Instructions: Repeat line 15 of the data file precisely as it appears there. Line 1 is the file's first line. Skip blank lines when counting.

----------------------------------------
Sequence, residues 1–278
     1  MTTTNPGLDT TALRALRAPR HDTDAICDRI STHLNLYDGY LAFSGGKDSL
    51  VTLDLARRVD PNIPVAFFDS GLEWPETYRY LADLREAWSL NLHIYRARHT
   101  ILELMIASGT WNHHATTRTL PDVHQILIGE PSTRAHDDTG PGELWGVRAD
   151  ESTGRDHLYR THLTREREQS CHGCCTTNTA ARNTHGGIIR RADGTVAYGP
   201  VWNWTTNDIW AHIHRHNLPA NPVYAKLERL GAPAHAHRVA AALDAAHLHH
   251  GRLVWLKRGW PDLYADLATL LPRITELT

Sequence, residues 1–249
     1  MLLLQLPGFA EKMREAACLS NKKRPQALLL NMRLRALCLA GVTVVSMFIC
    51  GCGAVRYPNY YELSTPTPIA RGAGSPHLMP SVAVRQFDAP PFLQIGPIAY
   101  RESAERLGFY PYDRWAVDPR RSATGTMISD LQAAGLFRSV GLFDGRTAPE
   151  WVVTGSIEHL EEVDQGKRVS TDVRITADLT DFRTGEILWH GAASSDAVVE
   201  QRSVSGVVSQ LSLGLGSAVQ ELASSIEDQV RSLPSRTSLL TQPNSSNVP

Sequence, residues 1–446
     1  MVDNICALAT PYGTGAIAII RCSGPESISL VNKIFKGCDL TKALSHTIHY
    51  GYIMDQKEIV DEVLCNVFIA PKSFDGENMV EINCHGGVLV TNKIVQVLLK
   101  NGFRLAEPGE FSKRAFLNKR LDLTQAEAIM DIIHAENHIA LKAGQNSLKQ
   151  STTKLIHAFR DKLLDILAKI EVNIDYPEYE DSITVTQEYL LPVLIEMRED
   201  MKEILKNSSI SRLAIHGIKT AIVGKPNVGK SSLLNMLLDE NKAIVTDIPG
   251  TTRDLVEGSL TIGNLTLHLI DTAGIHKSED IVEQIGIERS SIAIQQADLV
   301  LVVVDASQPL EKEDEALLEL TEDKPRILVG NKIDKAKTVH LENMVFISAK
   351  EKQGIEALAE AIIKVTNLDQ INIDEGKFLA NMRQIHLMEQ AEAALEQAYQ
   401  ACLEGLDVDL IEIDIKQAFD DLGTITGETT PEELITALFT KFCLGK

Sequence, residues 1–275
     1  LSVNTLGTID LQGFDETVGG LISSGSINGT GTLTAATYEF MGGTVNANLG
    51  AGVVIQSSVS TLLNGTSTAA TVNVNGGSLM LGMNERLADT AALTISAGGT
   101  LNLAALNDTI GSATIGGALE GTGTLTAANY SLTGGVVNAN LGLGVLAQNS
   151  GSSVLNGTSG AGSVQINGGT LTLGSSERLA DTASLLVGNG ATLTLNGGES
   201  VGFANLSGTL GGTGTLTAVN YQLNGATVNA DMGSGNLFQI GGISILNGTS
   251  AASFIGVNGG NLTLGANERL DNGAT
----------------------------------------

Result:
     1  MVDNICALAT PYGTGAIAII RCSGPESISL VNKIFKGCDL TKALSHTIHY